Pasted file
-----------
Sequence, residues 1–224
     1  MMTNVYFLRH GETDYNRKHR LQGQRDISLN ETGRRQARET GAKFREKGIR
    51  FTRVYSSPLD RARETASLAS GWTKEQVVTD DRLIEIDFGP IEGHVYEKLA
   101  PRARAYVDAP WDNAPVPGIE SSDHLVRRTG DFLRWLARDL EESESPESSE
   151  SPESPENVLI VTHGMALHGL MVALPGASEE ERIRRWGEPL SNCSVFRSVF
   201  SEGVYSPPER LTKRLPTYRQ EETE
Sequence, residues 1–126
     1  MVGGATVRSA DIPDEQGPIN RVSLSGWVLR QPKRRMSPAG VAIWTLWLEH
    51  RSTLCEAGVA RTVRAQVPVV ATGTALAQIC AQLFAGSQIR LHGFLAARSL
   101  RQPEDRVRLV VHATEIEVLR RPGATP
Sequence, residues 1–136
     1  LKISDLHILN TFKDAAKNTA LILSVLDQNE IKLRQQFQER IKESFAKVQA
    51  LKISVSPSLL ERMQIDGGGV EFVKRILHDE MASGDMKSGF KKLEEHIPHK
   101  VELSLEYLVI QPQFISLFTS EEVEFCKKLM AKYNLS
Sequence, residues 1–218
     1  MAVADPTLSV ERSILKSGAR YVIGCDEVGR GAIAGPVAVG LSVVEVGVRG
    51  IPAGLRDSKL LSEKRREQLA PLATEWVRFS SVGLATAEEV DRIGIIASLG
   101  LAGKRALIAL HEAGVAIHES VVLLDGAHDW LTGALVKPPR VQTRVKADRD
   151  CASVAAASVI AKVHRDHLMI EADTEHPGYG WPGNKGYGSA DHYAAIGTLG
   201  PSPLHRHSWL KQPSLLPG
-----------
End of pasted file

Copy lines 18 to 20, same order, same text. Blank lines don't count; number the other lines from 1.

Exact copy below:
   101  LAGKRALIAL HEAGVAIHES VVLLDGAHDW LTGALVKPPR VQTRVKADRD
   151  CASVAAASVI AKVHRDHLMI EADTEHPGYG WPGNKGYGSA DHYAAIGTLG
   201  PSPLHRHSWL KQPSLLPG